'Grumpy the Clown' elected to Brazil's Congress, but can he read?

Earlier this year we ran a piece by Julia Ioffe on some of the eccentrics and entertainers elected to Russia's Duma under the front-page headline "Send in the Clowns." Now I feel like we may have used that one too early:

Grumpy the clown won election in a laugher, getting more votes than any other candidate for Brazil's Congress. Now he has to prove that he can read and write.

The Sao Paulo Electoral Court held a closed-door exam for the clown turned congressman-elect on Thursday to determine if he meets a constitutional mandate that federal lawmakers be literate.

Francisco Silva became famous as Tiririca -- "Grumpy" in Portuguese -- and received about 1.3 million votes, nearly twice as many as the next-highest vote-getter in last month's congressional elections. His campaign videos drew millions of viewers on the Internet, with slogans such as "It can't get any worse" and "What does a federal deputy do? Truly, I don't know. But vote for me and you'll find out."

But a less humorous element emerged during the campaign: Allegations that Silva, like 10 percent of Brazilians, is illiterate. Judge Aloisio Silveira ruled that there were discrepancies between the handwriting on Silva's application to run for Congress and that on the document in which he swears he can read and write and in autographs he gave to fans.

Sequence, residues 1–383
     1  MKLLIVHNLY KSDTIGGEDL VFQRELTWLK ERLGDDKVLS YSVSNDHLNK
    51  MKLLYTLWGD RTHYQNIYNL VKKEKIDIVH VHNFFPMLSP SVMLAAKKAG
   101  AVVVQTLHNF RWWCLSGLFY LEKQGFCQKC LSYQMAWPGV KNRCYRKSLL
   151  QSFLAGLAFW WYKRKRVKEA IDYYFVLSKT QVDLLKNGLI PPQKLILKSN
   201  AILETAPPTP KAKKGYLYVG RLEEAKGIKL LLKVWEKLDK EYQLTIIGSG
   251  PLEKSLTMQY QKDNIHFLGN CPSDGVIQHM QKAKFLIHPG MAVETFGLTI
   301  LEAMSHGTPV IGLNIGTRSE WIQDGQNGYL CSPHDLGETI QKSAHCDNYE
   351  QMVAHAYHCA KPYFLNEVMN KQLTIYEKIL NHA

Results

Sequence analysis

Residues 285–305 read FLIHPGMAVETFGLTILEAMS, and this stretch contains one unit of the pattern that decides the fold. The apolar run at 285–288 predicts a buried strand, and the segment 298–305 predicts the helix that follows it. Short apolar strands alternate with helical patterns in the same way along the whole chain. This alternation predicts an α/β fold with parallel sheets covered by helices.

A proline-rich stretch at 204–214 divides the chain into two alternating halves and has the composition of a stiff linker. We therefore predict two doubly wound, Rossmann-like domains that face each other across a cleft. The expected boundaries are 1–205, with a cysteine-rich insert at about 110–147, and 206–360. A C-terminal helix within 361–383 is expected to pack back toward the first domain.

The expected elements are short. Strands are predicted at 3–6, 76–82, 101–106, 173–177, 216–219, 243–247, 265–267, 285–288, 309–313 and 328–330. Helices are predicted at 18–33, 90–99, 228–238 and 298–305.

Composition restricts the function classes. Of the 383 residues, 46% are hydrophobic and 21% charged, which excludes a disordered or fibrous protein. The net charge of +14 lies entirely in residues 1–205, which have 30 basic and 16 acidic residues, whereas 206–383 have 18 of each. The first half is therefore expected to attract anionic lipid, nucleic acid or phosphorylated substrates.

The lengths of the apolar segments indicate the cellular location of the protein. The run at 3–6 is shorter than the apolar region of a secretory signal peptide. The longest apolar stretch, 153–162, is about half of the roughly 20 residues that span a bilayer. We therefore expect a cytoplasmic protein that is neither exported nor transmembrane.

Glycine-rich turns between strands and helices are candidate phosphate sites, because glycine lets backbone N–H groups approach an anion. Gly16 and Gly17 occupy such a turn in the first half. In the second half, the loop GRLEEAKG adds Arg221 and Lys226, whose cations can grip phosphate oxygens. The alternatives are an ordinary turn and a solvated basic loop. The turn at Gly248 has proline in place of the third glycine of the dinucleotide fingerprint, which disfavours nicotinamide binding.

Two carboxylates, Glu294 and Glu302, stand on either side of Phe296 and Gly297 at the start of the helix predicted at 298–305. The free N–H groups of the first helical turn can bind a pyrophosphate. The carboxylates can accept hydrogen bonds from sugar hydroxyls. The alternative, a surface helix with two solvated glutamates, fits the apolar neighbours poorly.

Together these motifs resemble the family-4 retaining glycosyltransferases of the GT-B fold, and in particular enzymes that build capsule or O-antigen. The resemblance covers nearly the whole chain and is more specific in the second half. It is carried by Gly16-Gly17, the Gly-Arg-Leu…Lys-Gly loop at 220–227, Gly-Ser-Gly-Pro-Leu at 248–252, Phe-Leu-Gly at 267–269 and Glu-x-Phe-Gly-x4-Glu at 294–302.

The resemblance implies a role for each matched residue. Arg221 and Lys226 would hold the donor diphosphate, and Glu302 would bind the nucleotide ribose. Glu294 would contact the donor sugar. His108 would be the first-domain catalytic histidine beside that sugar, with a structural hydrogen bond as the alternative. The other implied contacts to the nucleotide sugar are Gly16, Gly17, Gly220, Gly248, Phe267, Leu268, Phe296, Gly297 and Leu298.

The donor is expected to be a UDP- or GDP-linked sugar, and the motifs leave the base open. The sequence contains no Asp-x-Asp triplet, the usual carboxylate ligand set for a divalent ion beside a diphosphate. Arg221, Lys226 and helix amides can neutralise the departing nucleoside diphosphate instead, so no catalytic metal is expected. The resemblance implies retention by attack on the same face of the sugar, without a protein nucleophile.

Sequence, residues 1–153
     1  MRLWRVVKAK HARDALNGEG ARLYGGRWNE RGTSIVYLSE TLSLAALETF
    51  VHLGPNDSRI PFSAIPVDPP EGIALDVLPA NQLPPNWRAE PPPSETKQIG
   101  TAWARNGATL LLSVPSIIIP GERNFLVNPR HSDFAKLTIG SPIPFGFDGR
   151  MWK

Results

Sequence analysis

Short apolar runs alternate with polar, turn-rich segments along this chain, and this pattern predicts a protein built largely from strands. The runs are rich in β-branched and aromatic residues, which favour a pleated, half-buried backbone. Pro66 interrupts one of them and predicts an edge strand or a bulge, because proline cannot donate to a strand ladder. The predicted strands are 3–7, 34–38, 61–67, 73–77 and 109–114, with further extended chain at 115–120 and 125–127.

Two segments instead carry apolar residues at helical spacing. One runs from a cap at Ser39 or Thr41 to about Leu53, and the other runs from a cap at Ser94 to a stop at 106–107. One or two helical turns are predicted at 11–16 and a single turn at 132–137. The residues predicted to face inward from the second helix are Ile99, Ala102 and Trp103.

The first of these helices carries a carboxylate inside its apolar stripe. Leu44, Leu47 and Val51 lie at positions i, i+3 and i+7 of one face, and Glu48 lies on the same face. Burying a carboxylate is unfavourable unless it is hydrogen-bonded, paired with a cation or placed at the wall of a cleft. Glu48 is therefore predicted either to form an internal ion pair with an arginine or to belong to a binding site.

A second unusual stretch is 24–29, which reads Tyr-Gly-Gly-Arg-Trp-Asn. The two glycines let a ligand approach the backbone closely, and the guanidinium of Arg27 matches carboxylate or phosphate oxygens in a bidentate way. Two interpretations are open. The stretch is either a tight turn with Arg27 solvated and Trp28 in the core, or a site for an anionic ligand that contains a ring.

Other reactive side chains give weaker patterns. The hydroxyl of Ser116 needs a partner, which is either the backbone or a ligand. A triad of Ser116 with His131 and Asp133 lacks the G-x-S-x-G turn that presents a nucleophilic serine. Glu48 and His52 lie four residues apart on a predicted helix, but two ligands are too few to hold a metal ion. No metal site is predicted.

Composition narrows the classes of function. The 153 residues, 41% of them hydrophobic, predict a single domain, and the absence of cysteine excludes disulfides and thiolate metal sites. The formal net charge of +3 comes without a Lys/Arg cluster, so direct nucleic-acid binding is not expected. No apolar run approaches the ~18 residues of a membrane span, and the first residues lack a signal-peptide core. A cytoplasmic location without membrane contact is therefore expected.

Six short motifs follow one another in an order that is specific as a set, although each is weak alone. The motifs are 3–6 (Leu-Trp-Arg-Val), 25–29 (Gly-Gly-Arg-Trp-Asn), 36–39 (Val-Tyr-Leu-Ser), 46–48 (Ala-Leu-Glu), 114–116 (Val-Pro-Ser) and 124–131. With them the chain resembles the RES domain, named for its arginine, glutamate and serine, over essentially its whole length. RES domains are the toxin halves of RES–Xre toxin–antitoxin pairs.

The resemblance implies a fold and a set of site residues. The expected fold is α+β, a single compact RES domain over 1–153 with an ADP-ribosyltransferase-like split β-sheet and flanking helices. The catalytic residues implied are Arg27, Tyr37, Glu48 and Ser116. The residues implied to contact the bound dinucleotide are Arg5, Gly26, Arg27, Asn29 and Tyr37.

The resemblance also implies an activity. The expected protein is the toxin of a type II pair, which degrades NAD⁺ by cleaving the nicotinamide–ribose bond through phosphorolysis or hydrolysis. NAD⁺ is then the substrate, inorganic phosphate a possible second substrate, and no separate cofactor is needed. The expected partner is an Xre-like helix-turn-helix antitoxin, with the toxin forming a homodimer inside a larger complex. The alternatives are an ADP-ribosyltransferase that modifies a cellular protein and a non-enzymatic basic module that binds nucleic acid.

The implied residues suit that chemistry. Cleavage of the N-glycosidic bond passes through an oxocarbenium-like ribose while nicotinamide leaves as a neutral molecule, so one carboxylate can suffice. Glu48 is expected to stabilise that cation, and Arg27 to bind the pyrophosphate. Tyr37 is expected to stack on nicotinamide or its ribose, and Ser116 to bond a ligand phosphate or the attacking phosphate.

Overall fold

The exam was held on Thursday and apparently Tiririca both "read and wrote" during it, though it's not yet clear if he was proficient enough to hold office. 

Just for the record, in Brazil, people like Tiririca and "Chico bin Laden" are allowed to run for office, but professional comedians aren't allowed to make fun of them. This makes a lot of sense.


Gambian president may become king

The Gambia's title-obsessed president -- he prefers to be addressed as His Excellency the President Sheik Professor Alhaji Doctor Yahya Jammeh -- may soon be adding a new one to his letterhead: 

Tribal chieftains are touring the country to rally support for President Yahya Jammeh's coronation.

"The president has brought development to the country, and for that he deserves to be crowned King of The Gambia," said Junkung Camara, chief of the western region of Foni Brefet. "This is the only way the Gambian people can express our gratitude to a leader who has done a lot for his country."

This would be very much in keeping for Jammeh, whose obsession with honorifics even led him to claim an admiralship in the fictitious "Nebraska Navy" earlier this year. 

Generally speaking, the global trend has obviously been away from kings in recent years. Nepal did away with its centuries-old monarchy in 2007. Members of the British Commonwealth may drop the whole institution after Queen Elizabeth's reign ends. South Africa culled its tribal kings over the summer. Tiny Swaziland is now the only monarchy left in Sub-Saharan Africa.

As an opposition journalist quoted in the piece points out, Jammeh already has absolute political power so not much would change if he were made king, beyond yet another ego boost. Plus, the Kims have shown -- and the Qaddafis and Mubaraks likely will soon -- it's quite possible to have hereditary succession while at least superficially adhering to a post-enlightenment political model. 

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